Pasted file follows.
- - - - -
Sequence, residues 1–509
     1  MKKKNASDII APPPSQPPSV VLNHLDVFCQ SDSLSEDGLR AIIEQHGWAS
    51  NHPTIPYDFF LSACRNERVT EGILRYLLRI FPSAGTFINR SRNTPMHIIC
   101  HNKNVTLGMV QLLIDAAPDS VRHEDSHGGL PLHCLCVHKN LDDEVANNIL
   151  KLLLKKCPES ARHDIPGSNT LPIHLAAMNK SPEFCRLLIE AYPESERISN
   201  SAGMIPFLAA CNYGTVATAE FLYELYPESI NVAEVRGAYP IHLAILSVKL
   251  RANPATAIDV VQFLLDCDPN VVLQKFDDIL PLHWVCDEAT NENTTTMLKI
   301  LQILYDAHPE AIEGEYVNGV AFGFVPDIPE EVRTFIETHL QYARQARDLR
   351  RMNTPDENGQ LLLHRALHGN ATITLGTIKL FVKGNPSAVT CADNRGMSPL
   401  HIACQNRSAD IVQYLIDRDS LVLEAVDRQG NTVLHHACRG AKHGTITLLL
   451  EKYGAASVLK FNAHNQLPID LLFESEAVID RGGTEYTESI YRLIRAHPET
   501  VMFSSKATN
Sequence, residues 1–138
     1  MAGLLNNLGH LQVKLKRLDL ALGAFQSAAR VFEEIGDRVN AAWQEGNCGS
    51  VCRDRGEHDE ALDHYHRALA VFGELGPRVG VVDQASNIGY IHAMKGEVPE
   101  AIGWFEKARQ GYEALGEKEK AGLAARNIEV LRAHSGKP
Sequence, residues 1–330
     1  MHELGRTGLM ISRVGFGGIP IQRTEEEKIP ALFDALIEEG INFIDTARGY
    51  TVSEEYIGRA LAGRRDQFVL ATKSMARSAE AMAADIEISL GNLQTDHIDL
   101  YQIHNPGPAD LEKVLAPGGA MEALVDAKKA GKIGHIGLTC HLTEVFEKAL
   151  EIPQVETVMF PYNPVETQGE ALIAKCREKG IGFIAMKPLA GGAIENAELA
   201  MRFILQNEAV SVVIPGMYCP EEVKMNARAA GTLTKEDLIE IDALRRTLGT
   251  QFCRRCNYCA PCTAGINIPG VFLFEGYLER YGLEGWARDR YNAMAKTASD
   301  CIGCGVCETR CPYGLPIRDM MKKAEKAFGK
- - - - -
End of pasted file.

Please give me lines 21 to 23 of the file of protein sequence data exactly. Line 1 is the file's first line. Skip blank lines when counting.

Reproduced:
   151  EIPQVETVMF PYNPVETQGE ALIAKCREKG IGFIAMKPLA GGAIENAELA
   201  MRFILQNEAV SVVIPGMYCP EEVKMNARAA GTLTKEDLIE IDALRRTLGT
   251  QFCRRCNYCA PCTAGINIPG VFLFEGYLER YGLEGWARDR YNAMAKTASD